At what point does a man, who lived his entire life telling people he doesn’t have a single regret, suddenly become aware of everything he wishes he had done differently?
It’s difficult to say. There isn’t a defined time for such a thing. No one, when growing up, gets told that at a particular point in time you will come to regret certain decisions you made. No one is warned of that dreadful moment because it’s never the same for everyone. A few of us claim to have no regrets, a small percentage of whom actually don’t. The rest just can’t seem to recall them at that moment. This, to emphasize the fact that regrets are not something one can lie about. No man with regrets can ever look another in the eye and say he doesn’t have them. It’s that simple.
Regret is not subjective; the definition of it is not up for discussion. It is simply a moment in which man feels sorry for himself. This feeling may or may not be accompanied by nostalgia, but it always includes a bit of hindsight and a wish to turn the hands of time in a manner that will allow him to change what aches him. The presence of aforementioned feelings depends on the degree of regret of course. This here above only describes the average, mediocre type of regret. As the intensity of regret increases, it leads one to imagine not only things about the past, but also the future. Horrid things. Apprehensions. The demons one hides inside himself begin to find their way out, creeping, slowly engulfing the being which has been their home for ages.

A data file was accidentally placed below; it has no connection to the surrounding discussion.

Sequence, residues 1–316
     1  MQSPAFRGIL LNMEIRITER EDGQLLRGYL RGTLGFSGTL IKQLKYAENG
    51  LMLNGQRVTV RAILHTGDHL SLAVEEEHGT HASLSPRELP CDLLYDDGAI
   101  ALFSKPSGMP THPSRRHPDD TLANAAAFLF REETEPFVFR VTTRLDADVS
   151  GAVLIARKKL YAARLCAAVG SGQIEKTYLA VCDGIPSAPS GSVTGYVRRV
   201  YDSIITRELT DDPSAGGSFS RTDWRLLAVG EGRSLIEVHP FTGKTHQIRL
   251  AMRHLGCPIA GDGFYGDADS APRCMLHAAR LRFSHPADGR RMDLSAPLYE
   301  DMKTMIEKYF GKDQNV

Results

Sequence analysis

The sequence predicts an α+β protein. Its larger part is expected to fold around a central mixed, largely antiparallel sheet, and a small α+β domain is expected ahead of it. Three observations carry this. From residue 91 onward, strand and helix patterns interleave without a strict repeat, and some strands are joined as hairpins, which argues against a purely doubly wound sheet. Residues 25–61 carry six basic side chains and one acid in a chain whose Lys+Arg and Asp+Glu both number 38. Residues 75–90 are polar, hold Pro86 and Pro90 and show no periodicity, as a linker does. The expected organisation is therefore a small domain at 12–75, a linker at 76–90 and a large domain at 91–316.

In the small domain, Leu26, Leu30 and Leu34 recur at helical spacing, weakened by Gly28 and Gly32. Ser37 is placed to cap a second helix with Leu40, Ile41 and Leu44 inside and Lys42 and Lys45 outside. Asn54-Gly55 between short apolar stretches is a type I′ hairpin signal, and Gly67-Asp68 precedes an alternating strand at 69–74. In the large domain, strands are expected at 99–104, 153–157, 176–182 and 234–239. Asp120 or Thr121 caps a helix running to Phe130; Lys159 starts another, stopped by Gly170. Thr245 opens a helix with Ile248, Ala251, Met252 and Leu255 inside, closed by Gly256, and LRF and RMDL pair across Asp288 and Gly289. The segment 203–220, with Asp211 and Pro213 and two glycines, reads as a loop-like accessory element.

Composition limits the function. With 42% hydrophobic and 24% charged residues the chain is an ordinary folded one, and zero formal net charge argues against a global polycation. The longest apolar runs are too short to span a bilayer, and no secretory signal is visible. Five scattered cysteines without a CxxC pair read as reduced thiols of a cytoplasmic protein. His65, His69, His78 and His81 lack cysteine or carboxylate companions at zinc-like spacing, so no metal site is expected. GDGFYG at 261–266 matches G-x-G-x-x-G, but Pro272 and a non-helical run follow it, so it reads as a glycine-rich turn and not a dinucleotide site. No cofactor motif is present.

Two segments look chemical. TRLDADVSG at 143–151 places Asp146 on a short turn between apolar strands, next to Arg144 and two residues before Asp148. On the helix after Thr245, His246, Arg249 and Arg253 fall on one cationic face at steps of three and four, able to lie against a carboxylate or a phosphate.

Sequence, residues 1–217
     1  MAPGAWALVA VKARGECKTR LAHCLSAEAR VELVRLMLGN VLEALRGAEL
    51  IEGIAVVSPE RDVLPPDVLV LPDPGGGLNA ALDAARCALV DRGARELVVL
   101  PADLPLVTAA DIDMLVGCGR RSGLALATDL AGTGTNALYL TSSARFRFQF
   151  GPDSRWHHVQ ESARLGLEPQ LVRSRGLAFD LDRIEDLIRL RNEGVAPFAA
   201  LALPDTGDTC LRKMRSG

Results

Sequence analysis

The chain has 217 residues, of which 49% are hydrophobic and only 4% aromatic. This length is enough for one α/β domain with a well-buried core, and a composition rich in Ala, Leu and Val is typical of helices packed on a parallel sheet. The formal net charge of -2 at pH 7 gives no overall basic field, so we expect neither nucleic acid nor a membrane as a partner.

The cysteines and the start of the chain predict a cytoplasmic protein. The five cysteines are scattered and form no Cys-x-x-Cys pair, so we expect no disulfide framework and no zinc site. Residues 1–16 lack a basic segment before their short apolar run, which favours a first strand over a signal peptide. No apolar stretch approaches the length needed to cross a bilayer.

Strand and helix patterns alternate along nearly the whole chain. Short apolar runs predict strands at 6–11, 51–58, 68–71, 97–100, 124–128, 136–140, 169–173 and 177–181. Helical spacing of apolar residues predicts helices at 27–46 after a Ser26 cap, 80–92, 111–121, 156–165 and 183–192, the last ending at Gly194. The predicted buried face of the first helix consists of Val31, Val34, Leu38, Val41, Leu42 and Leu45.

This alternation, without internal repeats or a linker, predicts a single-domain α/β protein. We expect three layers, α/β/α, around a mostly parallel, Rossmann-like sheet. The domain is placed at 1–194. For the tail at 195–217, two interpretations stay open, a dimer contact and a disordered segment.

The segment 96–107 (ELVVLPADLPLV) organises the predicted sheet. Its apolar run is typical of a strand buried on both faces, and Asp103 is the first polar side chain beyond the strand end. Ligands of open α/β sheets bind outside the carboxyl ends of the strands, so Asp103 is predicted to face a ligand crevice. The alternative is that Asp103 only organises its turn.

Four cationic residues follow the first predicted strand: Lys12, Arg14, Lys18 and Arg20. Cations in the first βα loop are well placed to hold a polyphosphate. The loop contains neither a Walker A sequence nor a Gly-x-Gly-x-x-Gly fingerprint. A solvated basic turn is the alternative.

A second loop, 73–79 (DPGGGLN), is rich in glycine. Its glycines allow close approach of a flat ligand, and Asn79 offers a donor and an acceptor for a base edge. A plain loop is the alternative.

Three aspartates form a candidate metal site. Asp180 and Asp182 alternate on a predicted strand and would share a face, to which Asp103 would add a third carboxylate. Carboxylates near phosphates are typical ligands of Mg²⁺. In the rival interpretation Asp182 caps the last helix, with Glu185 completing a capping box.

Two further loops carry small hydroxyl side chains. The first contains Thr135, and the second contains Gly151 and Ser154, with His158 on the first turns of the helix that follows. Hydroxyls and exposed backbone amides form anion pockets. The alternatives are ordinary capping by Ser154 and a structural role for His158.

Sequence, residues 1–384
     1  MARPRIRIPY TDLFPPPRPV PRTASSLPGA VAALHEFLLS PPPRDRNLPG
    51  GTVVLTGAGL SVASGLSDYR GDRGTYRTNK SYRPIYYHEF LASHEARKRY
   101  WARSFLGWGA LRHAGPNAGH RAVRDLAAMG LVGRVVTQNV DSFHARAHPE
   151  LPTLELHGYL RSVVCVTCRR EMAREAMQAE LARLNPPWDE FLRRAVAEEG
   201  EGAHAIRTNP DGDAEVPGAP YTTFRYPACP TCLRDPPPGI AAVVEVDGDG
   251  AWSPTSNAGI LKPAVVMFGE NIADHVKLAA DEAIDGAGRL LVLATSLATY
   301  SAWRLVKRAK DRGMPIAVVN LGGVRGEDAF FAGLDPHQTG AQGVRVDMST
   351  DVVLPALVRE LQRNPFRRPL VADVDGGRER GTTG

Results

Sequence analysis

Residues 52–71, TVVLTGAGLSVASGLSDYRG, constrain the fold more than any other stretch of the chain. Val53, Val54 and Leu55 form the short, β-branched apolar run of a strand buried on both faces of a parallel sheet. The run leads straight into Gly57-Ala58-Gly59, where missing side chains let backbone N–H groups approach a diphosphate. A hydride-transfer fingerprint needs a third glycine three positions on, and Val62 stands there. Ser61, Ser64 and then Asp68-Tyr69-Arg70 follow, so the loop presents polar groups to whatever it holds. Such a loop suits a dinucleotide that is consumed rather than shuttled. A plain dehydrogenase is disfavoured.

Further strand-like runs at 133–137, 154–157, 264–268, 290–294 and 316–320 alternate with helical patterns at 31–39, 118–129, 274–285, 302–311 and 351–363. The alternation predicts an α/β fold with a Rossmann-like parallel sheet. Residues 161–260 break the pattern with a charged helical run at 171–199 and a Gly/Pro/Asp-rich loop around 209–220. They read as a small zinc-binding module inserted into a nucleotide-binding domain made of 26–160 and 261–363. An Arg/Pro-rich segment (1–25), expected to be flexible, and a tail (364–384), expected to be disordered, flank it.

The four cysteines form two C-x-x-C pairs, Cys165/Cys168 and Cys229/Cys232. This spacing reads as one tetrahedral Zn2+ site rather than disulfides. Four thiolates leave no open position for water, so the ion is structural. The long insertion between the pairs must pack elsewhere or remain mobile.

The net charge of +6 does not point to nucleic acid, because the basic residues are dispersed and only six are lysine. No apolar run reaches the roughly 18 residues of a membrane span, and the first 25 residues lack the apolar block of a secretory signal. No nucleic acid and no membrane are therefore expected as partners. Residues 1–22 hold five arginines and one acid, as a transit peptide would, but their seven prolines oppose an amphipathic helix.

Then again, the lesser of regrets can be quite comical. Walking into the wrong classroom while searching for yours, making your way through the door and past a few desks before realizing that none of these faces look familiar. One’s ego may lead him to believe, for a split second, that all these people are in the wrong room. That of course is always followed by that moment of utter embarrassment and, again, the lesser intensity of regret where one wishes that he had been more attentive of his whereabouts. There is no graceful way of excusing yourself from that situation. I myself have forgotten to walk in those circumstances. Right foot forward, heel down, roll to the toes, repeat with left foot.
Baby steps will walk you right out of your regrets. What’s done is done. There is no graceful way of erasing the past. It is yours to live with. Embrace it. That, you can do with dignity.